A heavy disc and a lightweight feather are contained in a long glass tube. While the tube is full of air, when you flip it over the disc drops quickly to the bottom, and the feather floats slowly downwards. Once most of the air has been pumped out, however, the two fall together and hit the bottom at the same time.
When no other forces interfere, the two objects experience the same acceleration from gravity. While there is air in the tube, however, air resistance slows both objects, but the feather more so than the disc due to its lighter mass compared to its surface area. This is an excellent example of why, when solving physics problems, we need to identify all of the forces involved in a system and determine their effects.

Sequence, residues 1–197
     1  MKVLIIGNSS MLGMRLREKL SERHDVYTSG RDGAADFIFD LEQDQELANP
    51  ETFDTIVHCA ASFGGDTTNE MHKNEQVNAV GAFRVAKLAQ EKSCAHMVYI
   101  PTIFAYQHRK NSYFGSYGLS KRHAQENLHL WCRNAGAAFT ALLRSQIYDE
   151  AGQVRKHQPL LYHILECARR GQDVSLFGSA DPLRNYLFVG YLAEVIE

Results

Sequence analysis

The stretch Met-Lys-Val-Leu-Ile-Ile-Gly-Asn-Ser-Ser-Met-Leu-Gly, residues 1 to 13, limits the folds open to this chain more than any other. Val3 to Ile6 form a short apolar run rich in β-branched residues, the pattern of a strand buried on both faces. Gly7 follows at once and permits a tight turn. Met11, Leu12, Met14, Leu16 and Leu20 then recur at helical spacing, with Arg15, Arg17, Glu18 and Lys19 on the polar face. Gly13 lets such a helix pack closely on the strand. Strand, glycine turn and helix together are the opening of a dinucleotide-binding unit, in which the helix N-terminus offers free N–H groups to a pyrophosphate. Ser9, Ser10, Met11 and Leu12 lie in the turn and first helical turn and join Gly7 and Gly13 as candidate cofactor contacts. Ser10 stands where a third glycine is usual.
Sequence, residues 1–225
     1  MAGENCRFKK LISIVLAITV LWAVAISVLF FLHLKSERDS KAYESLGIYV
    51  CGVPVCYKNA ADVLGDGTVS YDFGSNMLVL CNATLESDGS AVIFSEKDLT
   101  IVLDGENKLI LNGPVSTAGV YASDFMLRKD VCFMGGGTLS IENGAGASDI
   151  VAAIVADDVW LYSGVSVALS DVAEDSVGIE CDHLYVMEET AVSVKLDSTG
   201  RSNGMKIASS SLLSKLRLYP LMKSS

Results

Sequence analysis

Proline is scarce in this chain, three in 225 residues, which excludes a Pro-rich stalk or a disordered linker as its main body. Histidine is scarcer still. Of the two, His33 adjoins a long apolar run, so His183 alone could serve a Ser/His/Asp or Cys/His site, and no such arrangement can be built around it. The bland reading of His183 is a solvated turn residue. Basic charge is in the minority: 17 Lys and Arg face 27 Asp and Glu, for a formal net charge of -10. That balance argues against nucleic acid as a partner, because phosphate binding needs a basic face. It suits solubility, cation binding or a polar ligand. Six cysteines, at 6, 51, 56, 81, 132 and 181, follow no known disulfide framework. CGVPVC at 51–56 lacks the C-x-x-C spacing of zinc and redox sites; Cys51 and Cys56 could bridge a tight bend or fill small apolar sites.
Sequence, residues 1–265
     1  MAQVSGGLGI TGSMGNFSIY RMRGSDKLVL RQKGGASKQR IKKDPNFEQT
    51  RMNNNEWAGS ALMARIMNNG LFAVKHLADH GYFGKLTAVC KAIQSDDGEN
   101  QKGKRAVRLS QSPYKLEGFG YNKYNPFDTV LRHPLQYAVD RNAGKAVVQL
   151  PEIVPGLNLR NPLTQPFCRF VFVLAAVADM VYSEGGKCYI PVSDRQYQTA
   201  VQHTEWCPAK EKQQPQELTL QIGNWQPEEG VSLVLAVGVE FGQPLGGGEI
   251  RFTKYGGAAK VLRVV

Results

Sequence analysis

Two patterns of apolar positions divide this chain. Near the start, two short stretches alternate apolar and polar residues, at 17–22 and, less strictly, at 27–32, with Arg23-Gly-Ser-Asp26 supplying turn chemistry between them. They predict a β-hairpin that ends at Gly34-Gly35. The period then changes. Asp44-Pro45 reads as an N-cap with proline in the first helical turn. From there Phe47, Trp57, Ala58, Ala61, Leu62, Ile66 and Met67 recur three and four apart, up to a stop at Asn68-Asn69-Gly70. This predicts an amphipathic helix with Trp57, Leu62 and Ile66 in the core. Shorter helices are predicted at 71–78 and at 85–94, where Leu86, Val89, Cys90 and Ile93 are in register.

This demonstration is a classic way of explaining the nature of free fall and gravitational acceleration. Perhaps one of the most dramatic presentations of it came in 1971 when astronaut David Scott carried out this experiment with a hammer and feather on the Moon! Without air, the feather and hammer dropped together to the lunar soil. You can see the video in a NASA archive website here, hosted by Goddard Space Flight Center: https://nssdc.gsfc.nasa.gov/planetary/lunar/apollo_15_feather_drop.html